Going to England for our exploratory trip was quite an adventure. While we haven’t specifically found a flat, we’ve narrowed down the places we’d like to live. We have corporate housing for a month which gives us time to find somewhere specific. There were a few things we learned/discovered while we were there:
- Don’t expect a grid system of streets…they don’t exist here. The roads in many of the towns are older than your grandparents.
- Due to the lack of grid system, don’t expect to be able to get around without a map…big mistake on our part. It took 2 hours to find our hotel 😛
- I was led to believe that people in Europe drive small cars because they’re more environmentally conscious than in the US. While that may be true…it’s almost necessary to have a small car because of how narrow the streets are.
- Customer service is NOT as important as it is in the US.
- The concept of a doggy-bag isn’t the norm.
- The train/tube system, while complicated at first, is really convenient.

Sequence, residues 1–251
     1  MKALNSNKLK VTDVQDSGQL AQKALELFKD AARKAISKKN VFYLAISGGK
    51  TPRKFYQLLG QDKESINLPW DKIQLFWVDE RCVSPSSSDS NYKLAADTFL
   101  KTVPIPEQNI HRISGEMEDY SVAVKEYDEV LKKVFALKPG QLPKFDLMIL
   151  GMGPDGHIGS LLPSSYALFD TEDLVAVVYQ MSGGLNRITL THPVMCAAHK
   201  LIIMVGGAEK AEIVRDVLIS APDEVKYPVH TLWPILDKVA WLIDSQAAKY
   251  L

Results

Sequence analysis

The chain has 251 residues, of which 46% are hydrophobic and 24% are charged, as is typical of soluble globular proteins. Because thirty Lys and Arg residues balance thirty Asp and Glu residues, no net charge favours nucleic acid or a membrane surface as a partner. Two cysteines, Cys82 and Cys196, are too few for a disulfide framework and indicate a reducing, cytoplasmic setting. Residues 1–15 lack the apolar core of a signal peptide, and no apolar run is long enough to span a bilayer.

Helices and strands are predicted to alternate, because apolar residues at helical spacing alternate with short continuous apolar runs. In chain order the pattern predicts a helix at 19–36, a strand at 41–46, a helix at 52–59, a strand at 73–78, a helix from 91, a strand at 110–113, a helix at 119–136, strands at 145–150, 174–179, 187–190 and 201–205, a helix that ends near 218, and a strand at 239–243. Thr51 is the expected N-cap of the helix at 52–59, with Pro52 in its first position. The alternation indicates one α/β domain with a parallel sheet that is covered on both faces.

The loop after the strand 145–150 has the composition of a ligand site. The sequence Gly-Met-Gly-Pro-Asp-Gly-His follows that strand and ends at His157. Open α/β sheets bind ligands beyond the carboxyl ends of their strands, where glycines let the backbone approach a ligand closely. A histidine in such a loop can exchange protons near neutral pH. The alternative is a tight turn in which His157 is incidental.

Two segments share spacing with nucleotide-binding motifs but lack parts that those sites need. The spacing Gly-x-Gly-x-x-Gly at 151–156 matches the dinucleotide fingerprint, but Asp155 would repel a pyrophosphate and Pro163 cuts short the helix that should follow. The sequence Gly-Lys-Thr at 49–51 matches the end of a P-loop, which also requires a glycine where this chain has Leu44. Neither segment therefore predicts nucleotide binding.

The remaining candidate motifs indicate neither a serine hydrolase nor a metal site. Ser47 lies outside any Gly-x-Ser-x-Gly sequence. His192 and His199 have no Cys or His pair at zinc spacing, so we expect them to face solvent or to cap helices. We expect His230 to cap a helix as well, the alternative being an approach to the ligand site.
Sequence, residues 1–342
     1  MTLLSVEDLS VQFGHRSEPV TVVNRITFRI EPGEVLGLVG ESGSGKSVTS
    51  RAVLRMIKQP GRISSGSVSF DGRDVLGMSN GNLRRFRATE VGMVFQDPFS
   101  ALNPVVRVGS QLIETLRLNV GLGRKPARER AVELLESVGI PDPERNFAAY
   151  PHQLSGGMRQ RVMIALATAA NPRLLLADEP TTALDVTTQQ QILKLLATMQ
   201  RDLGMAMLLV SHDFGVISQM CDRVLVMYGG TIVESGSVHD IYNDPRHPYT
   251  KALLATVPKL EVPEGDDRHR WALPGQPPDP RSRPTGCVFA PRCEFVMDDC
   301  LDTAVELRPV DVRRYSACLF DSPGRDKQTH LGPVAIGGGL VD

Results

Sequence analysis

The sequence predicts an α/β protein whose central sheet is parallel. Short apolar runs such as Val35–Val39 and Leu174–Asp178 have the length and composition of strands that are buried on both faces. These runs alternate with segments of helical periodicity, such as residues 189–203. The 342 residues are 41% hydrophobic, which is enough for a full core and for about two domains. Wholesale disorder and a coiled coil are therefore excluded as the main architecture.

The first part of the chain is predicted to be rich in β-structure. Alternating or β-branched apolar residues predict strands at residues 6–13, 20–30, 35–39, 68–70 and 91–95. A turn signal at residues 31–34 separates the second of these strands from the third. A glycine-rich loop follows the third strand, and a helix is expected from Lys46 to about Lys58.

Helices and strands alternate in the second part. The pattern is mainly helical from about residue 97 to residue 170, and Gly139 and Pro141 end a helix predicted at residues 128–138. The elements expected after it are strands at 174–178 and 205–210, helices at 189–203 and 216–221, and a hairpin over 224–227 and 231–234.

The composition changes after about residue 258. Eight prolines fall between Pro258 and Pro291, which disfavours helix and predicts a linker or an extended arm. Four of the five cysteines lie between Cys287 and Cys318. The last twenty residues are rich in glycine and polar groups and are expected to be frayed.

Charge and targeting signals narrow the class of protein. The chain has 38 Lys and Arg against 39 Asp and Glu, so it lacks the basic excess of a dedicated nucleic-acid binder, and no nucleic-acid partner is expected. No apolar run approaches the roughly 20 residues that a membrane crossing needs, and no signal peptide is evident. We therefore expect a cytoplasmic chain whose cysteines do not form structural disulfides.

- We will most likely miss the easy access to a wide variety of fresh fruits and vegetables.
- Most of the towns have a centre street that they refer to as “High Street”. This is normally where all the stores and such for that area are. It may not be named “High Street” but the US equivalent would be a “Main Street”.
- Letting a flat (i.e. renting an apartment) is almost like buying a house, in that you make an offer on the rent as rent is negotiable.
- Living there…is expensive.
The weather was somewhat gloomy, but there were a couple days of gorgeous weather so we took the opportunity to do some sight-seeing.
Joe’s coworker gave us a tour of the area and we were able to visit Oxford. The University of Oxford is the oldest university in the English-speaking world. Lots of old buildings and more history than we were able to take in in our short visit.
Just before we left, we took the opportunity to go into London and visit the Tower of London. Since it was the summer we made sure to go first thing in the morning because it isn’t as busy. Turns out it was a good idea because when we left in the early afternoon, there were long queues and it was very crowded.
The Tower of London was built in 1078 by William the Conqueror. It was resented because it was seen as a symbol of oppression of London by the new ruling elite. Since 1100 it was used as a royal residence and a prison.